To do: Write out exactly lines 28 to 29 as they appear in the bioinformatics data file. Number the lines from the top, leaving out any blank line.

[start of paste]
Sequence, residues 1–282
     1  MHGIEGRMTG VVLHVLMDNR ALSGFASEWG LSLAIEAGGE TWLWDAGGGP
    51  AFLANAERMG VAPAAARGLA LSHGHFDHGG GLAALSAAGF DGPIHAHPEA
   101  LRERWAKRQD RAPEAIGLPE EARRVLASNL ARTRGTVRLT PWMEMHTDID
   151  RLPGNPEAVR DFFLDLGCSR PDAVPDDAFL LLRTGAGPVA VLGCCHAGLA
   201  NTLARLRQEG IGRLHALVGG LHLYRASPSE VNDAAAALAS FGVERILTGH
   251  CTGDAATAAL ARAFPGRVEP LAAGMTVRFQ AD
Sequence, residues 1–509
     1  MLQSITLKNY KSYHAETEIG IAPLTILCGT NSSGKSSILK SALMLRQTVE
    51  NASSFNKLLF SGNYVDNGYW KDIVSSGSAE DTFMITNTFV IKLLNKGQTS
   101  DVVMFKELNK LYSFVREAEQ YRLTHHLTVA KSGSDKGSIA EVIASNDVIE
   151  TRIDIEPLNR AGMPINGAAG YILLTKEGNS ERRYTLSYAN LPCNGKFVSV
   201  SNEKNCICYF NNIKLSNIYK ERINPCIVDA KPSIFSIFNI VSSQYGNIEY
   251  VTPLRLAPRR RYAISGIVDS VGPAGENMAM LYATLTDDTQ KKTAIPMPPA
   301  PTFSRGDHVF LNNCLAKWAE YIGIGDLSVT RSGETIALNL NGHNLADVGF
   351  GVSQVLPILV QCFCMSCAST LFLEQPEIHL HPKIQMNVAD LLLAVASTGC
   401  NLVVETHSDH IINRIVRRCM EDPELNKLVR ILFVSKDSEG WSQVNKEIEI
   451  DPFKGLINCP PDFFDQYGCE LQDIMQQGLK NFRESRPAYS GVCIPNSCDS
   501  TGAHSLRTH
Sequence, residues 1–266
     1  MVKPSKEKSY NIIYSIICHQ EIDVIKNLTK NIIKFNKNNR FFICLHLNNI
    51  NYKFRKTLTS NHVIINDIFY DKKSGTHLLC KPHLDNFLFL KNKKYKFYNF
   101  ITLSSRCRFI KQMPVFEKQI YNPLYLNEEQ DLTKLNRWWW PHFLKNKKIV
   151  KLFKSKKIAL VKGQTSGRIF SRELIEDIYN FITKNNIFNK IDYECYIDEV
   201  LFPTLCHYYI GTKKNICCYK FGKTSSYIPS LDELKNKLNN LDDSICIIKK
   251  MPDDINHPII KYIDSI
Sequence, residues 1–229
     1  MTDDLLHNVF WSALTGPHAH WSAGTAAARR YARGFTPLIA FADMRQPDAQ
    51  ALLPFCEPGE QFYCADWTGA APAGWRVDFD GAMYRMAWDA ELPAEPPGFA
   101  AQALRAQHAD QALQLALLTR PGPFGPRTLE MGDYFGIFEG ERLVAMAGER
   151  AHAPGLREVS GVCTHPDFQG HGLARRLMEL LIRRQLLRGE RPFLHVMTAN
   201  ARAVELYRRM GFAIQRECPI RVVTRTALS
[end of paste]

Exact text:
     1  MTDDLLHNVF WSALTGPHAH WSAGTAAARR YARGFTPLIA FADMRQPDAQ
    51  ALLPFCEPGE QFYCADWTGA APAGWRVDFD GAMYRMAWDA ELPAEPPGFA